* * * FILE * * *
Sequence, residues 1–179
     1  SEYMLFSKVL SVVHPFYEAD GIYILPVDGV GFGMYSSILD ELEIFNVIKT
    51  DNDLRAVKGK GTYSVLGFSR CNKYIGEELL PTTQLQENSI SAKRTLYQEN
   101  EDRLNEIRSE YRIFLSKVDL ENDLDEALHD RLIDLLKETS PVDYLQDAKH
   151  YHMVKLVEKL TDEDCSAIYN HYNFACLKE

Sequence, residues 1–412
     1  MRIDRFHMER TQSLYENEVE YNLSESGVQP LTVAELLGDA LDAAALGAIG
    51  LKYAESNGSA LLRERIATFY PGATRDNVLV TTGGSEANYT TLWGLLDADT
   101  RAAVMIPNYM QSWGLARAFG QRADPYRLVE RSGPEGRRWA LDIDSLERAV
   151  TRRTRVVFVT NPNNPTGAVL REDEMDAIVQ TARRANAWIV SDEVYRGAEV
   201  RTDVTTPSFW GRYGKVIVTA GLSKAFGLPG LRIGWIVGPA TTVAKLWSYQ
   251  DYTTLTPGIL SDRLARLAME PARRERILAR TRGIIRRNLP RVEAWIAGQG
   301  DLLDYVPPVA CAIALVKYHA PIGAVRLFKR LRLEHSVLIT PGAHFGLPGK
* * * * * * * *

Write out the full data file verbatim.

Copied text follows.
Sequence, residues 1–179
     1  SEYMLFSKVL SVVHPFYEAD GIYILPVDGV GFGMYSSILD ELEIFNVIKT
    51  DNDLRAVKGK GTYSVLGFSR CNKYIGEELL PTTQLQENSI SAKRTLYQEN
   101  EDRLNEIRSE YRIFLSKVDL ENDLDEALHD RLIDLLKETS PVDYLQDAKH
   151  YHMVKLVEKL TDEDCSAIYN HYNFACLKE

Sequence, residues 1–412
     1  MRIDRFHMER TQSLYENEVE YNLSESGVQP LTVAELLGDA LDAAALGAIG
    51  LKYAESNGSA LLRERIATFY PGATRDNVLV TTGGSEANYT TLWGLLDADT
   101  RAAVMIPNYM QSWGLARAFG QRADPYRLVE RSGPEGRRWA LDIDSLERAV
   151  TRRTRVVFVT NPNNPTGAVL REDEMDAIVQ TARRANAWIV SDEVYRGAEV
   201  RTDVTTPSFW GRYGKVIVTA GLSKAFGLPG LRIGWIVGPA TTVAKLWSYQ
   251  DYTTLTPGIL SDRLARLAME PARRERILAR TRGIIRRNLP RVEAWIAGQG
   301  DLLDYVPPVA CAIALVKYHA PIGAVRLFKR LRLEHSVLIT PGAHFGLPGK